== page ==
This week is going to be pretty light overall in terms of economic numbers, but we're going to fill in the rest of the blanks on the housing front. On Wednesday we'll hear existing home sales for July, on Thursday we'll get the FHFA Housing Price Index, and on Friday we'll hear about July's new home sales. The forecasts for each paint something of a mixed picture, which jives with the recent tepid housing starts and building permits numbers discussed above.
The bottom line is, the housing construction market is not nearly as dead as some are making it out to be, but it's clearly not as hot as it was between two years and six months ago. It's still possible it could resume that strong growth we were seeing just a few months ago, but we don't have a great deal of proof that it's happening yet. The chart of all the housing data above tells the story as well as we could with words.
Just to put things in perspective, the S&P 500 (SPX) (SPY) lost 35.59 points (-2.1%) last week. It was the second weekly loss in a row, which was the first time we've logged back-to-back losses since mid-June (DIA) (QQQ) (IWM). Last week's dip, however, was the biggest weekly drop we've suffered since May of last year. The S&P 500 also fell under a major support line that extends all the way back to the November-2012 low, and the CBOE Volatility Index (VIX) (VXX) now seems poised to snap back from months of hovering at ultra-low levels, that coincide with a market that continues to push its way into more and more of an overbought condition.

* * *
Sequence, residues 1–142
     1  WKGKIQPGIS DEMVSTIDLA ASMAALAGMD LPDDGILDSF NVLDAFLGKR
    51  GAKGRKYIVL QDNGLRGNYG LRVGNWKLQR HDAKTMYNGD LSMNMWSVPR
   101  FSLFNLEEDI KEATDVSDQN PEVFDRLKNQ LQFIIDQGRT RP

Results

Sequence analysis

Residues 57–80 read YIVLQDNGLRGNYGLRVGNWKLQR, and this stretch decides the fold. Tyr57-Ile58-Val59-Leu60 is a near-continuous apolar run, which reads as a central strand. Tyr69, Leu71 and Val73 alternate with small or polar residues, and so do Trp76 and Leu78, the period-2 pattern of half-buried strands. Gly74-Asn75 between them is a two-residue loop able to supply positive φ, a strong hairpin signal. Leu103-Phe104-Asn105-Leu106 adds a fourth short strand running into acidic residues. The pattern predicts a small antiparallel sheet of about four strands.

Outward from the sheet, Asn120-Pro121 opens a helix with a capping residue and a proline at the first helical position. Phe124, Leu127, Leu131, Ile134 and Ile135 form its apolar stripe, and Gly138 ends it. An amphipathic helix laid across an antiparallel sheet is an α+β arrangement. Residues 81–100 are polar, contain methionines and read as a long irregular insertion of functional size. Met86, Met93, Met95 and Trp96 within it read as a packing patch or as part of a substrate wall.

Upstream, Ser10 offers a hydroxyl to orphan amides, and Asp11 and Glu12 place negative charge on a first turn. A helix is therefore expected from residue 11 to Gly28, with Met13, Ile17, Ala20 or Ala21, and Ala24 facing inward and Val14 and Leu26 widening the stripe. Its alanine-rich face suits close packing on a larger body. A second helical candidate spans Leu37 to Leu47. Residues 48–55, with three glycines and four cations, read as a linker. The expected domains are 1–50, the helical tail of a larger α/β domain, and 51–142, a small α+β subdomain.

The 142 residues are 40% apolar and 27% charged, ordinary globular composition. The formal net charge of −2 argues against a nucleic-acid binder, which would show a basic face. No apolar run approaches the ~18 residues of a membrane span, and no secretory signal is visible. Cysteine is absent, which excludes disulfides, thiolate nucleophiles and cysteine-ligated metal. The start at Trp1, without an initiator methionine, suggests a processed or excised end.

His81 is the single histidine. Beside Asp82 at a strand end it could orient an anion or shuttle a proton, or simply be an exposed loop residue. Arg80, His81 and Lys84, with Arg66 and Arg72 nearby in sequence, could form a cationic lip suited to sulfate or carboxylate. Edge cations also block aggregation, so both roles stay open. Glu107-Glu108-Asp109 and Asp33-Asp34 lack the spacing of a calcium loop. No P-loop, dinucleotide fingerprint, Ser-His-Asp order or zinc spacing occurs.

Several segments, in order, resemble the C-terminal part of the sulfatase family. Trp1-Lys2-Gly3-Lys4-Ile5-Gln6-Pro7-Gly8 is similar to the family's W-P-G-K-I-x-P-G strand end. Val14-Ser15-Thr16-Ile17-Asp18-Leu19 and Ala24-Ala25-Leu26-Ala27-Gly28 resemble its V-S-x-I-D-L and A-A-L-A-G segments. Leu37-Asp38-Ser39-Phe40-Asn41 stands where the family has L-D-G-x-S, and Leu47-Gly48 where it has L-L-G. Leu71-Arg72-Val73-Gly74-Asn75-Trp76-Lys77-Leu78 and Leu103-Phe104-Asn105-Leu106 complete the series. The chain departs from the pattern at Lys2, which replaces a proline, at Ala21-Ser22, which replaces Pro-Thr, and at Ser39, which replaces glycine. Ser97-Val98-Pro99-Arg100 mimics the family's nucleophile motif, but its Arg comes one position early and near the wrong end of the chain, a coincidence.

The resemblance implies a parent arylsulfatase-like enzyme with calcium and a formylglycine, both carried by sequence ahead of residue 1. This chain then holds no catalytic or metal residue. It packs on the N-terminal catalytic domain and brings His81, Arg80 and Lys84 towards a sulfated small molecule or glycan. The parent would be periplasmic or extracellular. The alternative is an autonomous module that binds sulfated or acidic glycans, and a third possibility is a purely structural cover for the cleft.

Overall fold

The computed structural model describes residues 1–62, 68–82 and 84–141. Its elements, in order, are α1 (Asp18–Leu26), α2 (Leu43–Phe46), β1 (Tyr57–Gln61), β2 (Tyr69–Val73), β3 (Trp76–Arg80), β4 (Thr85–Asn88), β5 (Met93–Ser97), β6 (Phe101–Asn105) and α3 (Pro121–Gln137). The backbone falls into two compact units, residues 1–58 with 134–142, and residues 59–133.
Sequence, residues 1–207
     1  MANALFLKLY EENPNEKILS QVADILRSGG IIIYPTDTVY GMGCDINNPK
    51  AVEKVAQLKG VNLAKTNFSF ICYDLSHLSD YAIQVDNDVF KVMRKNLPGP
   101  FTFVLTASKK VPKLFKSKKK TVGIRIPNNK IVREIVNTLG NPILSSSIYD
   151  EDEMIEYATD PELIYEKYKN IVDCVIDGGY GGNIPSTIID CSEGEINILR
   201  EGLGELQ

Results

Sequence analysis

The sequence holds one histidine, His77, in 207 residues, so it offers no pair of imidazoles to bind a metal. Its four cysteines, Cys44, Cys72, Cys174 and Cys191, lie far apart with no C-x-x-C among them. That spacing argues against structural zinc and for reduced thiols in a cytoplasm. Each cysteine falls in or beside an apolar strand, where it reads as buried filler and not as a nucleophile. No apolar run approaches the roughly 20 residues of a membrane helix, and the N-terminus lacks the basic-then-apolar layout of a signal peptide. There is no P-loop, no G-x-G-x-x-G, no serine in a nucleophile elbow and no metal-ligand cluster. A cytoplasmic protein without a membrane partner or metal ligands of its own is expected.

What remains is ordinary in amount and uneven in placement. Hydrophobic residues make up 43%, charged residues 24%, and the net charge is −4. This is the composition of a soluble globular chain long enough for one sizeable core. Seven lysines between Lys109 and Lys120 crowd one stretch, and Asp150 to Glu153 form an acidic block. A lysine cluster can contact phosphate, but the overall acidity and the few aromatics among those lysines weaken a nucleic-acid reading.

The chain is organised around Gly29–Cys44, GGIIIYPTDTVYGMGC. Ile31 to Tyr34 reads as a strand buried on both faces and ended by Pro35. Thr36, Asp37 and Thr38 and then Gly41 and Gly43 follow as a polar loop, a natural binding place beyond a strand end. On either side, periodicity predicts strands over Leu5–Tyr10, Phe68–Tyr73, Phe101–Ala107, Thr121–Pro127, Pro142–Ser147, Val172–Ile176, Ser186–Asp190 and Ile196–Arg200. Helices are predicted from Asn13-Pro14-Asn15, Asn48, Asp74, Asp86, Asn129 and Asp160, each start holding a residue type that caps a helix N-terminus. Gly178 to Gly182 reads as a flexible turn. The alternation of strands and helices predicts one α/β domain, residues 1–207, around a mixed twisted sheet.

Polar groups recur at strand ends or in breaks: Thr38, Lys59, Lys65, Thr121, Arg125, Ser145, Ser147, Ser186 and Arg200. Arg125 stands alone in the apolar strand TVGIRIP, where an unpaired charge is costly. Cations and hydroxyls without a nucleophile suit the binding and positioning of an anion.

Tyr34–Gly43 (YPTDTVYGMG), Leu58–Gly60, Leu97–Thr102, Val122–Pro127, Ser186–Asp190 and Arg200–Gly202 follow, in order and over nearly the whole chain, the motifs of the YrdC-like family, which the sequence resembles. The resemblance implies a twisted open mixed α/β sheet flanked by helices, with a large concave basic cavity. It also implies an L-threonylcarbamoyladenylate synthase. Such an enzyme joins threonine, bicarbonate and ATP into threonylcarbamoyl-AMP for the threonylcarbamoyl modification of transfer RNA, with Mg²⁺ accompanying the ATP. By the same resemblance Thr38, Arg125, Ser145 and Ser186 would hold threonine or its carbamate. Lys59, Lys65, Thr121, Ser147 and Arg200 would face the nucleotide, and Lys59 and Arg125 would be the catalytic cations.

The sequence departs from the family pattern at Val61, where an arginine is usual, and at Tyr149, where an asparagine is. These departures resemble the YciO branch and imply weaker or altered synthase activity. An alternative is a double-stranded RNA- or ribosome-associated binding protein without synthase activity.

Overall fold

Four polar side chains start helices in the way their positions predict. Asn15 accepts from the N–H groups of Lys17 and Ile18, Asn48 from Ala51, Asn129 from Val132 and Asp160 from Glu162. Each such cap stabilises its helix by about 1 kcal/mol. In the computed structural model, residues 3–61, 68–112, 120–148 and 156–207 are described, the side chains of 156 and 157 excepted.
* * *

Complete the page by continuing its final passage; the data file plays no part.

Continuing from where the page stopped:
Now, as scary as that sounds, it's still possible - though unlikely - the market could find its footing again and rekindle the bigger uptrend. It'll have to play every card right and find a little luck to do so, but it's not out of the realm of possibility.
Let's start with the detailed picture of the S&P 500′s daily chart this week, as that will help is make the more important point with the weekly chart in a moment.
As you'll see, when the S&P 500 broke down on Thursday, it really broke down, leaving behind a gap that will throw a wrench in the works this week.